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Being an apologist?: The Cornell Paper and a debate between friends
|Collections||Transmission of academic values in Asian Studies workshop (2009)|
|Title:||Being an apologist?: The Cornell Paper and a debate between friends|
|Publisher:||The Australia-Netherlands Research Collaboration (ANRC)|
|Citation:||Purdey, J. (2011). Being an apologist?: The Cornell Paper and a debate between friends. In R. Cribb (Ed.), Transmission of academic values in Asian Studies: workshop proceedings. Canberra: Australia-Netherlands Research Collaboration|
For those who knew Herb Feith, Indonesia scholar, humanist and peace studies pioneer it is perhaps unimaginable that he could be regarded as an apologist for atrocities committed in Indonesia. But in early 1966, in the midst of the ongoing massacres of communists and their suspected sympathisers after the so?called 'coup' attempt the previous year on 30 September, some of Herb's close and respected colleagues were perplexed at what they took as words from Herb condoning the military? sponsored violence. This article is an attempt to present a closer look at the conversation that took place between these scholars of Indonesia at this critical moment, because it raises pertinent questions still relevant in Indonesian and Asian studies more broadly about how we balance our obligations as analysts seeking substantiated truth and fact, with the moral obligation to speak against tyranny and injustice and the pressures we experience from within our own national contexts.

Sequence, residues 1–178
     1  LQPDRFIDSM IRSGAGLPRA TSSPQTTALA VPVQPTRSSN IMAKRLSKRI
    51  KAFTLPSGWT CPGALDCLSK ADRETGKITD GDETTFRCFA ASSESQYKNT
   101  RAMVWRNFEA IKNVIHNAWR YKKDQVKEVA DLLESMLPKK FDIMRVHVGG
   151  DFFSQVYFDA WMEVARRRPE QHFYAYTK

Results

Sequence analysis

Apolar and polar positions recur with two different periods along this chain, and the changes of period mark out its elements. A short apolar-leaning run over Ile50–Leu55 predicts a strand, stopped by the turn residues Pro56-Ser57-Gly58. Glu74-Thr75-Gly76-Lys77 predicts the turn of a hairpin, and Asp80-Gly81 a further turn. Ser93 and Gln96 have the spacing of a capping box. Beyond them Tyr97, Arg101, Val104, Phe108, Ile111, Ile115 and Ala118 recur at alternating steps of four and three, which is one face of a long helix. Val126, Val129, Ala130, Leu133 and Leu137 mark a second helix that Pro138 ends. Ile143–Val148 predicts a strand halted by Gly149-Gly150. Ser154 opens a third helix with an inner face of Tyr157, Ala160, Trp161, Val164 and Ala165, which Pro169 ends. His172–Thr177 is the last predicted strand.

|Purdey.pdf||Published version||149.46 kB||Adobe PDF|
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